34  Under current customary international law, there is a well-established body of war crimes committed in international armed conflicts. While some of the older international conventions such as, in particular, the 1907 Hague Convention IV have not lost their significance, the Geneva Conventions I–IV as well as the Geneva Conventions Additional Protocol I (1977) ([adopted 8 June 1977, entered into force 7 December 1978] 1125 UNTS 3) have become the most important points of reference to ascertain the content of the current law. While the Geneva Conventions I–IV mainly follow the tradition of the so-called ‘Geneva Law’, which is to protect persons outside the hostilities, the Additional Protocol I combines Geneva Law elements with conduct of hostility rules that, traditionally, formed part of the separate body of the so-called Hague Law. Art. 8 (2) ICC Statute codifies most of the existing war crimes under international law. Art. 8 (2) (a) ICC Statute incorporates the provisions on the so-called grave breaches of the Geneva Conventions I–IV (cf Art. 50 Geneva Convention I; Art. 51 Geneva Convention II; Art. 130 Geneva Convention III, and Art. 147 Geneva Convention IV). Art. 8 (2) (b) ICC Statute essentially defines war crimes of Hague Law origin. In the light of the not yet universal acceptance of the Additional Protocol I, many formulations in Art. 8 (2) (b) ICC Statute are taken from the 1907 Hague Convention IV.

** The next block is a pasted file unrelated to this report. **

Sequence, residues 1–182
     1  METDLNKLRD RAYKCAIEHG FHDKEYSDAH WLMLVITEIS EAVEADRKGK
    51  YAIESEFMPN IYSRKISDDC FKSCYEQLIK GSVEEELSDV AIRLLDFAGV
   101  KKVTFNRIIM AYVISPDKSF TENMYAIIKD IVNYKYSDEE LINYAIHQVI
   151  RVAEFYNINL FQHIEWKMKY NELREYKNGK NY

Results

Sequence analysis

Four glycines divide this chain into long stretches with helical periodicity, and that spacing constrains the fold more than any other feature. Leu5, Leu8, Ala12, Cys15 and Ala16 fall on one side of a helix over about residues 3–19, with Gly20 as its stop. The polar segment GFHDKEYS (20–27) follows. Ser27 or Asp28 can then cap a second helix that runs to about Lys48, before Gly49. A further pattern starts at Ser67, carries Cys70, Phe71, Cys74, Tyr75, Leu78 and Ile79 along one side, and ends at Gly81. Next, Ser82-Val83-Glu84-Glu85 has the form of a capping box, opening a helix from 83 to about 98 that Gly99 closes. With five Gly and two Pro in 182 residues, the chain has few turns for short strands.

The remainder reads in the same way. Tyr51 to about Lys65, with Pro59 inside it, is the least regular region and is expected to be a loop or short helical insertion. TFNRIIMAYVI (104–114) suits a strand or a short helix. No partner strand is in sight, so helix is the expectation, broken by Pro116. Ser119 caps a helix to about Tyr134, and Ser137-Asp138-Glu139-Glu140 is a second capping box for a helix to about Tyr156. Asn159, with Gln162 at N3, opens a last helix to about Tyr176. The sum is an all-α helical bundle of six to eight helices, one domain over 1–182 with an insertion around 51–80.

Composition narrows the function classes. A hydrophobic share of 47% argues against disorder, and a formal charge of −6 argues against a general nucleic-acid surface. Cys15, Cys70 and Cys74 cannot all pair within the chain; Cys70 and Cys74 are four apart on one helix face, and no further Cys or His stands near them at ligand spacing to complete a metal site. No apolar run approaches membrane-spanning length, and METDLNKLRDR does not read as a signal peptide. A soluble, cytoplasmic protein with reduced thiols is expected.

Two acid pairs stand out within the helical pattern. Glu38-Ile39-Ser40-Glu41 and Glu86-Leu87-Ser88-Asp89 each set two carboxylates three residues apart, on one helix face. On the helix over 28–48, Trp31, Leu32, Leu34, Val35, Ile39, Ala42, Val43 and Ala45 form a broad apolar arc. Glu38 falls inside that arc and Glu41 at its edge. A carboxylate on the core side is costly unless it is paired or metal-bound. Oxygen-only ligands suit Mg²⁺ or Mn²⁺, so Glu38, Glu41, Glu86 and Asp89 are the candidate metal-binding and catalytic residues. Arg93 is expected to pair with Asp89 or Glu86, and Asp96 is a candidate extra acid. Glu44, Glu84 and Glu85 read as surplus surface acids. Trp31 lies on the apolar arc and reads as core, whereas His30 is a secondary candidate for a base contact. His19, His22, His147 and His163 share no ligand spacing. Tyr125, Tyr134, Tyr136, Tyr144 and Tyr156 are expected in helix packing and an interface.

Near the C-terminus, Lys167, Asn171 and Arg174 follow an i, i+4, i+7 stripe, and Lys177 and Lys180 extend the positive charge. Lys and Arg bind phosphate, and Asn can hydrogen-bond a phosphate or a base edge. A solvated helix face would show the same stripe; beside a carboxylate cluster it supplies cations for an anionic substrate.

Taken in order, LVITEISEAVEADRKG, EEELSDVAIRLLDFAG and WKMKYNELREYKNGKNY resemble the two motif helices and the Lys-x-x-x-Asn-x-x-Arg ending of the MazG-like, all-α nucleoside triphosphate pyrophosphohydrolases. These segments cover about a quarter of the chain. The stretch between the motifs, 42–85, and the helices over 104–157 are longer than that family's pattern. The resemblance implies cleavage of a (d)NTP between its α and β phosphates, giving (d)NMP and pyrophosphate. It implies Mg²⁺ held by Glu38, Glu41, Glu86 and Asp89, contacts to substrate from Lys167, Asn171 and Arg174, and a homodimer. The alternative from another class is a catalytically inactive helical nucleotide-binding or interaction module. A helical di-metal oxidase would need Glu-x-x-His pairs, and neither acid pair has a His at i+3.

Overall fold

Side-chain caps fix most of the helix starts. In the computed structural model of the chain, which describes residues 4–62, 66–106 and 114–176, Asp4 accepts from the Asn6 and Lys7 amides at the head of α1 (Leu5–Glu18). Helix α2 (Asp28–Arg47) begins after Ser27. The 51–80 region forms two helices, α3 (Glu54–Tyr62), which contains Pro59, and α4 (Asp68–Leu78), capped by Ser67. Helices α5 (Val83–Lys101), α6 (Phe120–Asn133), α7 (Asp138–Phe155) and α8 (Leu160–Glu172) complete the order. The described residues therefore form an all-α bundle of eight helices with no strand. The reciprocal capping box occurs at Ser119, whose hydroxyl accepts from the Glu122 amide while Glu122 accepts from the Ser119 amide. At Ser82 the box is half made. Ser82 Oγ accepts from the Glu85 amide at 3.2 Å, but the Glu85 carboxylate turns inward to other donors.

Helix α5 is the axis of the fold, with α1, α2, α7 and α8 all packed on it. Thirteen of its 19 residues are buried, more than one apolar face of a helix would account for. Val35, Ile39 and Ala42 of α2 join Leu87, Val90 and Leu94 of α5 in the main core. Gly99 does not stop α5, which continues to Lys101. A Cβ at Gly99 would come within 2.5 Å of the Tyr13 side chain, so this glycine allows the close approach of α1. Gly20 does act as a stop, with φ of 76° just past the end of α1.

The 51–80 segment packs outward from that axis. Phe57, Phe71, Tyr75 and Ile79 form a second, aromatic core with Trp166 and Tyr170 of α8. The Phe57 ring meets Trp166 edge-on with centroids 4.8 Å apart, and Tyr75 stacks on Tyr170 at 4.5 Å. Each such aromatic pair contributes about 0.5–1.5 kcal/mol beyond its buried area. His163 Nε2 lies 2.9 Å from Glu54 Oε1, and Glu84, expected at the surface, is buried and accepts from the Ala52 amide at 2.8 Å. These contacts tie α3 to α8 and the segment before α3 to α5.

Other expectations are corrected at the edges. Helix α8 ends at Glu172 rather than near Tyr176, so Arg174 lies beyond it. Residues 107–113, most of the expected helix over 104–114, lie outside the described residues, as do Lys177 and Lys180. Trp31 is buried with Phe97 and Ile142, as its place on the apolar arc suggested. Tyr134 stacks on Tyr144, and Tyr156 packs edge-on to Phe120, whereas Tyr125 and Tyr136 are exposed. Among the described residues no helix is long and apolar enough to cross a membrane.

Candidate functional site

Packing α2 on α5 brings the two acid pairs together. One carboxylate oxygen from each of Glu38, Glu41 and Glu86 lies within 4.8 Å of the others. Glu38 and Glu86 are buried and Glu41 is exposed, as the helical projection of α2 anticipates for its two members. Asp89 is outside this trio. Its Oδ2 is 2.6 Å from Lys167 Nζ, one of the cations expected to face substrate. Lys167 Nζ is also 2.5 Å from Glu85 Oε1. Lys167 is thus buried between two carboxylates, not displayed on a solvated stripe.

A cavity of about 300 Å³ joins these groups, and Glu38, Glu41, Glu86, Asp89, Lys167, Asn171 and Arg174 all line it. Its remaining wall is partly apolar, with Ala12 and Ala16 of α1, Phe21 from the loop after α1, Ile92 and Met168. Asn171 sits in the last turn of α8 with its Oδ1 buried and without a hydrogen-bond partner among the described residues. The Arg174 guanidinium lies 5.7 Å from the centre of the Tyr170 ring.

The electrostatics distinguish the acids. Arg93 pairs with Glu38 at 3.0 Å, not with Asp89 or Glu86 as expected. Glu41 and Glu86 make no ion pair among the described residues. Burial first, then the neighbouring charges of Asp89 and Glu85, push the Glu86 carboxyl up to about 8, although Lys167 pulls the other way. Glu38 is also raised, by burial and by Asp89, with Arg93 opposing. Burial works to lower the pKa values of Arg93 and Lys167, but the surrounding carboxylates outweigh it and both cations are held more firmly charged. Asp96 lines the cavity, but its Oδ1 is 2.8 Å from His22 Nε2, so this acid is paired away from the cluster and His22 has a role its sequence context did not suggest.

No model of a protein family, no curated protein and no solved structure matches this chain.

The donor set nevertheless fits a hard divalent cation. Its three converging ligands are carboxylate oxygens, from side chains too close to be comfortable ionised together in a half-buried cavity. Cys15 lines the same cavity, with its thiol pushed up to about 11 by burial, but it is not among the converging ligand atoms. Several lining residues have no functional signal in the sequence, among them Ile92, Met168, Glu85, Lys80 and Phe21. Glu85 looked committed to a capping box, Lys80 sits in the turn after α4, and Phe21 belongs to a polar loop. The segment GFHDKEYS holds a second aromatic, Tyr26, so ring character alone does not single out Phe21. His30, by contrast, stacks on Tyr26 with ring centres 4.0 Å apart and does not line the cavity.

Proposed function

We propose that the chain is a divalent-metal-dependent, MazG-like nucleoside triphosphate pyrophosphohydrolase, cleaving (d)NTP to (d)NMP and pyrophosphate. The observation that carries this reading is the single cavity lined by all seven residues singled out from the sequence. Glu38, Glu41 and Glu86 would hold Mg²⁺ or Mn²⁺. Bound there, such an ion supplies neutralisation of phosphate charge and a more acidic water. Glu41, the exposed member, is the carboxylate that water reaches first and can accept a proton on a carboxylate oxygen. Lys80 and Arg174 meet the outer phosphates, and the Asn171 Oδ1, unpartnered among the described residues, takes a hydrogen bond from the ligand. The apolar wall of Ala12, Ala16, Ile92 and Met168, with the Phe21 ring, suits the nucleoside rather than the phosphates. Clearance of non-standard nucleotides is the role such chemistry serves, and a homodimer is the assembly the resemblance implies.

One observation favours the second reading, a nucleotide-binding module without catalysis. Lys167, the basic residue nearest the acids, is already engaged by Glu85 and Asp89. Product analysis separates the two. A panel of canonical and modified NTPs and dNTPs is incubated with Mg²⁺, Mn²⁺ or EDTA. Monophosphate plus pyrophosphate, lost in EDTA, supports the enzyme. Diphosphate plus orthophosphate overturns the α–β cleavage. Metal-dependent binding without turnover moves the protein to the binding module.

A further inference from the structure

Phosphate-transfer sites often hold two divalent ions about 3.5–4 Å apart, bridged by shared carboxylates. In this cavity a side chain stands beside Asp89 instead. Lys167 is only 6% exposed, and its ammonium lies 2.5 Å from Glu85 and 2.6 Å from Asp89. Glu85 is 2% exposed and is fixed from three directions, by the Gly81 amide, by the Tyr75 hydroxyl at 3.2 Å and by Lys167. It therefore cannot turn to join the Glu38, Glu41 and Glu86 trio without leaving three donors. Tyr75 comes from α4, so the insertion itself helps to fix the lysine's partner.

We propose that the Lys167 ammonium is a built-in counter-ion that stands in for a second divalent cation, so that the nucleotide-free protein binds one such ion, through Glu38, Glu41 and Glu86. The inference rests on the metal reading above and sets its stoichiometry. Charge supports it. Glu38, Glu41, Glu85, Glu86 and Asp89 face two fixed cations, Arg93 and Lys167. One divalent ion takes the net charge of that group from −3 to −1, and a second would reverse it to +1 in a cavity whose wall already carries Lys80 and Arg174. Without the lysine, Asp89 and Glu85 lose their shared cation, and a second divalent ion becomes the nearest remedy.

35  The crystallization of war crimes committed in non-international armed conflict is one of the most important facets of the stormy legal development of international criminal law stricto sensu since the 1990s. Common Art. 3 Geneva Conventions I–IV does not contain a grave breaches regime similar to that applicable in an international armed conflict and the same is true for the Geneva Conventions Additional Protocol II (1977) ([adopted 8 June 1977, entered into force 7 December 1978] 1125 UNTS 609) on the law of non-international armed conflict. There was thus a considerable measure of doubt regarding the existence of war crimes under international law committed in non-international armed conflicts when the ICTY and the ICTR were established. This explains the landmark importance of the decision Prosecutor v Tadić (Decision on the Defence Motion for Interlocutory Appeal on Jurisdiction) of 2 October 1995. In this decision, the existence of customary war crimes committed in non-international armed conflicts was affirmed together with a far-reaching assimilation of the war crimes law in non-international armed conflicts towards the settled law in international armed conflicts. The ICC Statute essentially confirms the decision in the Tadić Case: Art. 8 (2) (c) and (e) ICC Statute contain two lists of war crimes committed in non-international armed conflict, the latter one extending into the realm of the conduct of hostilities.